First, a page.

Suppose it depends how vital your car is. To me, it's a massive pain being without it but I can manage, much like a few weeks ago when I got a puncture and kept it inflated long enough to limp the mile to the tyre place and leave it sat there over the weekend.
I wonder where you get a space saver kit for £30...
The one that fits the Leaf costs £199, don't forget you will need the jack and the wrench.
Anyhow, if you are so depending on your car that you can't afford to be without it for a day or 2 the alternative would be to ask the garage for a courtesy car or have a puncture repair kit and buy a spare full size tyre and carry it in the car, like that if you need to replace the tyre you already have one.
So your safest plan would be:
1 space saver wheel with tyre
1 jack
1 wrench
1 puncture repair kit (you can get this online for less than £20)
the car compressor
1 spare full size tyre (or as many as you want to feel safe but that sounds a bit ridiculous...)
 

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Speak, Eevee!
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I wonder where you get a space saver kit for £30...
According to this thread: https://www.speakev.com/threads/zoe-jacking-points.102609/page-2
Quite easily by searching eBay for "4x100 space saver"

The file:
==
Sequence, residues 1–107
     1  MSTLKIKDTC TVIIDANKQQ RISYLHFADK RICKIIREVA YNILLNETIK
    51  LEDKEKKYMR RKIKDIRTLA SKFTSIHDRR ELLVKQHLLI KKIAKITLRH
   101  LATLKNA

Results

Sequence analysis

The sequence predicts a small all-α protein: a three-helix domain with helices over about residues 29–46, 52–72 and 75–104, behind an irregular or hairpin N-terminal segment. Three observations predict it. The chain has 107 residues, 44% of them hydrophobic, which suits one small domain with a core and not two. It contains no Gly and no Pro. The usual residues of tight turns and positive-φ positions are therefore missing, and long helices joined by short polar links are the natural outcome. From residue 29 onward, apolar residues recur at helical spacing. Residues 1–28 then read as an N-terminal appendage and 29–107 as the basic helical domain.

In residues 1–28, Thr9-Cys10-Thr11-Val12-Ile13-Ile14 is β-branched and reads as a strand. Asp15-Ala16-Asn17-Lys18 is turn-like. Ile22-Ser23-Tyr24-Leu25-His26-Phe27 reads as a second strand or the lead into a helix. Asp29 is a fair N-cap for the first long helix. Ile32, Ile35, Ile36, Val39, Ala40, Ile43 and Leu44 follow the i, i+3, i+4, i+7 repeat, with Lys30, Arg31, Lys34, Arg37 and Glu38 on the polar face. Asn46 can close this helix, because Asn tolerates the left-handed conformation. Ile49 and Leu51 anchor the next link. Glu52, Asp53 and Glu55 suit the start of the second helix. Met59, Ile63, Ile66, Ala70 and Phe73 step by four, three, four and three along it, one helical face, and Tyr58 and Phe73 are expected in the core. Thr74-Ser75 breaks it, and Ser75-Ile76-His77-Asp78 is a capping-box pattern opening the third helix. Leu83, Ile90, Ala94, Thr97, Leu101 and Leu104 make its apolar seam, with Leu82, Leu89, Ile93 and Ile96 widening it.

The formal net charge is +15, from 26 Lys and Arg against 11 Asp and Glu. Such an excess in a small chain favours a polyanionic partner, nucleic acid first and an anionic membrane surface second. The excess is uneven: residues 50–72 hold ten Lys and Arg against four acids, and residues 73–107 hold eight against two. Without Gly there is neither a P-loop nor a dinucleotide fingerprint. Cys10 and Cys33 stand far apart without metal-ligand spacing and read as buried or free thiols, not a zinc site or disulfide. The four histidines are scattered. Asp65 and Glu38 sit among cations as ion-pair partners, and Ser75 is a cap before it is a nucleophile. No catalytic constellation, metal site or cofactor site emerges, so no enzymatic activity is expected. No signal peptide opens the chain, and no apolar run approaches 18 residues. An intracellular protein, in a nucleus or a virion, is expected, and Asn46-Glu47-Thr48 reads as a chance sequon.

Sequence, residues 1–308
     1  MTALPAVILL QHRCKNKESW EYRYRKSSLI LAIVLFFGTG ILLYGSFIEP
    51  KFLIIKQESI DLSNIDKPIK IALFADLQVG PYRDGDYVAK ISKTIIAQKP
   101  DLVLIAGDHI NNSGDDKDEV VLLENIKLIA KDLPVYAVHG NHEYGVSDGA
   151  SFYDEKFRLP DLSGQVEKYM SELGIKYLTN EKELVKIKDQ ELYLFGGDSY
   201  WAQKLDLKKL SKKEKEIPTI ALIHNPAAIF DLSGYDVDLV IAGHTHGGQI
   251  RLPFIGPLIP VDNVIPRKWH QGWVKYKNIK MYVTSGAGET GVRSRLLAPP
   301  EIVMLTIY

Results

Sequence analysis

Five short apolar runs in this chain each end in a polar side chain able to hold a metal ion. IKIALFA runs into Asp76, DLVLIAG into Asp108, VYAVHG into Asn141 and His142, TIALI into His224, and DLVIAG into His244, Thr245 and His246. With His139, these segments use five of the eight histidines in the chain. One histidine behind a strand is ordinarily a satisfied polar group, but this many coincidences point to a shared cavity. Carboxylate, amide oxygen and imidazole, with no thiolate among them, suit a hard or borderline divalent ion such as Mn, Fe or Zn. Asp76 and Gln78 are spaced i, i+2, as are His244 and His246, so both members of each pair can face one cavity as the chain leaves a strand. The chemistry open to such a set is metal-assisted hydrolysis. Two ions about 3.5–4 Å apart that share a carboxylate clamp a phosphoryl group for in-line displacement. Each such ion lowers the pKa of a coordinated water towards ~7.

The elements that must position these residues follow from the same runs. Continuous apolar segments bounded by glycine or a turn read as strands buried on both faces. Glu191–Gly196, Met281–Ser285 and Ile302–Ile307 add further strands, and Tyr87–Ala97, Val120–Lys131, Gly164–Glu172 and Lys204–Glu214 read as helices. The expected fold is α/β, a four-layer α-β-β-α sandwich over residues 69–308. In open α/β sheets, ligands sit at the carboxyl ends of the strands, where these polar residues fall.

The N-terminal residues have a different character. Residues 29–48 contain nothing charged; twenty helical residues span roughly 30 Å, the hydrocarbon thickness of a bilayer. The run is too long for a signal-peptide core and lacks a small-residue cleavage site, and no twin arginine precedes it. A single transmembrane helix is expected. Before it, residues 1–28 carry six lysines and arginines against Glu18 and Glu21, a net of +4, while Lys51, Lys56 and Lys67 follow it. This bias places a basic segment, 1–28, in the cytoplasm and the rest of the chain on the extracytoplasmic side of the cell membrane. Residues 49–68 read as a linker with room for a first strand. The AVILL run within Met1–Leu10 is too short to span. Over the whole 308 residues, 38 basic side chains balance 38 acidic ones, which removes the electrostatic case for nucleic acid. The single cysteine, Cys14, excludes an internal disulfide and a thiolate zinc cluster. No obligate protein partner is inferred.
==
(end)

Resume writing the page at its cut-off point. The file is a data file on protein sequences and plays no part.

Example: https://www.ebay.co.uk/itm/VOLKSWAGEN-POLO-GOLF-CADDY-LUPO-JETTA-14-SPACE-SAVER-SPARE-WHEEL-4x100/152201682592?hash=item236fed5ea0:g:TXgAAMXQlUNRSH-h
Edit: Bad example as that one's for factory fitted 14" only but you get the idea
How about https://www.ebay.co.uk/itm/Renault-Scenic-03-07-Space-Saver-Spare-Wheel-16-Inch-4X100-ET49-6-5J-205-55-16/19314553491

don't forget you will need the jack and the wrench.
Which you'd need whether you got full size or space saver.

Searching other threads on the subject though it doesn't sound to me like the boot well where the repair kit is, is big enough for a wheel. Probably misunderstood the comment in the above thread. Doing also more searching, it looks like to be legal you need either the same size (i.e. 16", not 'get a 15" and treat it as an emergency spare') or a space saver with the appropriate speed limit label stuck to it. This could be another urban myth of course, without looking up the appropriate laws.